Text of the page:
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CASE REPORT
Year : 2008  |  Volume : 52  |  Issue : 6  |  Page : 866 Table of Contents     

Child With Cystic Fibrosis And Pyopneumothorax For Emergency Thoracotomy For Decortication


1 Sr.Resident, Department of Anaesthesiology and Intensive Care, All India institute of Medical Sciences, Ansari Nagar, NewDelhi-110029, India
2 Additional Professor, Department of Anaesthesiology and Intensive Care, All India institute of Medical Sciences, Ansari Nagar, NewDelhi-110029, India
3 Associate Prof. Silchar Medical College, Department of Anaesthesiology and Intensive Care, All India institute of Medical Sciences, Ansari Nagar, NewDelhi-110029, India

Date of Acceptance25-Aug-2008
Date of Web Publication19-Mar-2010

Correspondence Address:
Rakesh Garg
Department of Anaesthesiology and Intensive Care, All India Institute of Medical Sciences, Ansari Nagar, NewDelhi-110029
India
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Source of Support: None, Conflict of Interest: None


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We describe a child of cystic fibrosis for emergency thoracotomy. A 7 year female diagnosed as cystic fibrosis, pyopneumothorax with pneumonia was posted for emergency left thoracotomy. On examination, child had decreased air entry on left side of chest and bilateral crepts. Anaesthesia was induced with fentanyl, propofol, vecuronium and sevoflurane in oxygen/air. Airway was secured with tracheal tube. Central venous line and caudal epidural catheter was placed. There were multiple episodes of desaturation and airway pressures were high. Child was shifted to ICU with tube in situ and put on ventilator and gradually weaned. Epidural infusion was initiated. Child had an uneventful recovery. Patient with cystic fibrosis for emergency thoracotomy requires proper choice of anaesthetic techniques along with perioperative pain relief.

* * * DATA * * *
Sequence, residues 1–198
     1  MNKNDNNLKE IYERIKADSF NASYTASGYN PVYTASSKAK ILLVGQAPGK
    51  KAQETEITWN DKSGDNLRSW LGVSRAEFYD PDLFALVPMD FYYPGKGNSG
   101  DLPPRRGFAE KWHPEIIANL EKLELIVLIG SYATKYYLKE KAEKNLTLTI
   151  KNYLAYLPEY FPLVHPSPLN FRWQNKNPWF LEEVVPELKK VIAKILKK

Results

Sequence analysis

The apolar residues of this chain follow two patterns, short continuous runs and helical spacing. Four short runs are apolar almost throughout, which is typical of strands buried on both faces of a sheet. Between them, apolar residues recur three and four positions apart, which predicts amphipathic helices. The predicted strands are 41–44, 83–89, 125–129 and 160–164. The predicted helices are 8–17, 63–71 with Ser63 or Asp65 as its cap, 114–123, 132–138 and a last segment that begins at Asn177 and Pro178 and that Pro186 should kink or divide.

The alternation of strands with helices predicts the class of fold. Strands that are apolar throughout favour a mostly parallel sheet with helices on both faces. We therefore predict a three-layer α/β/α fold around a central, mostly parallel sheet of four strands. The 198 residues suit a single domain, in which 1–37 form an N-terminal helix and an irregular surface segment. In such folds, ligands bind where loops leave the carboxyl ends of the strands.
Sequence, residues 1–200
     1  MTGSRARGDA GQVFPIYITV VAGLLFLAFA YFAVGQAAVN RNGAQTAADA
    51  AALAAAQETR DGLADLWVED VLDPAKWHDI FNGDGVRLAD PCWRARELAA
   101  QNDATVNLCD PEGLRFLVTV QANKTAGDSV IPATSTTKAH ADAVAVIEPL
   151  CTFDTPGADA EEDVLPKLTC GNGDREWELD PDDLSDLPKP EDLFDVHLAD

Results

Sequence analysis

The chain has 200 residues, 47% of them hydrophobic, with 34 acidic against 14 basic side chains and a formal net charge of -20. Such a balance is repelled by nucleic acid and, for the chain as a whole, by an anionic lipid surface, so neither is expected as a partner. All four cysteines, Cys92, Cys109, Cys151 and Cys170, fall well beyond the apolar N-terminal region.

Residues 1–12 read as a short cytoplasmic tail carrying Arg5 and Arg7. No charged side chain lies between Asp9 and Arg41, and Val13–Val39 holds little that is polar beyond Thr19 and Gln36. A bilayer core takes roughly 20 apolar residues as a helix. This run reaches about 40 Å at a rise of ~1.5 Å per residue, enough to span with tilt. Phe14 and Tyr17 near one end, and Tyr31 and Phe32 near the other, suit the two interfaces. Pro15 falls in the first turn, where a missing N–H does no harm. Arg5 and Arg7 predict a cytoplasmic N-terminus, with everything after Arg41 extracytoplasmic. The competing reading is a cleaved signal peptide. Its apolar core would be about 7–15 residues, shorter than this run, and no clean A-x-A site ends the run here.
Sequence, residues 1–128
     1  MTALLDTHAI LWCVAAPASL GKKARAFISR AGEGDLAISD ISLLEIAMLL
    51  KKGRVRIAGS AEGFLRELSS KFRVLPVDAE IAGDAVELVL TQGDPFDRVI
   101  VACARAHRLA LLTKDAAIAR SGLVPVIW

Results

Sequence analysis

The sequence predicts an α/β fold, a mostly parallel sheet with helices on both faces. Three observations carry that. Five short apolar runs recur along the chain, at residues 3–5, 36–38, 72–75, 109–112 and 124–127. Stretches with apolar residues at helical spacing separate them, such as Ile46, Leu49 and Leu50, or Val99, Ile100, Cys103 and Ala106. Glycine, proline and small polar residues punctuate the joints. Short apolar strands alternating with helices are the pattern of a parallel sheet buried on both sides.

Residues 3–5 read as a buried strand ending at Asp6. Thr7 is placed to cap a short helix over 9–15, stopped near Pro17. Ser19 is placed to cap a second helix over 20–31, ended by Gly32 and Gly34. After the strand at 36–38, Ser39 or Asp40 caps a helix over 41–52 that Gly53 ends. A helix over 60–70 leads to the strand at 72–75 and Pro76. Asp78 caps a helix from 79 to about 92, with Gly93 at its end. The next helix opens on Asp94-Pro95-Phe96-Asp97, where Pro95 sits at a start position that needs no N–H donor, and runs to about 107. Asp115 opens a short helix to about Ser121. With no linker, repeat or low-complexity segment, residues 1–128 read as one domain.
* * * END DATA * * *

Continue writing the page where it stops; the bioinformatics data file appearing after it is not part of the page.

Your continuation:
Keywords: Cystic fibrosis, Thoracotomy, Pyopneumothorax, Anaesthesia, Analgesia


How to cite this article:
Garg R, Kumar A, Nath MP, Shende D, Bhattacharyya R. Child With Cystic Fibrosis And Pyopneumothorax For Emergency Thoracotomy For Decortication. Indian J Anaesth 2008;52:866

How to cite this URL:
Garg R, Kumar A, Nath MP, Shende D, Bhattacharyya R. Child With Cystic Fibrosis And Pyopneumothorax For Emergency Thoracotomy For Decortication. Indian J Anaesth [serial online] 2008 [cited 2020 Oct 21];52:866. Available from: https://www.ijaweb.org/text.asp?2008/52/6/866/60704


   Introduction Top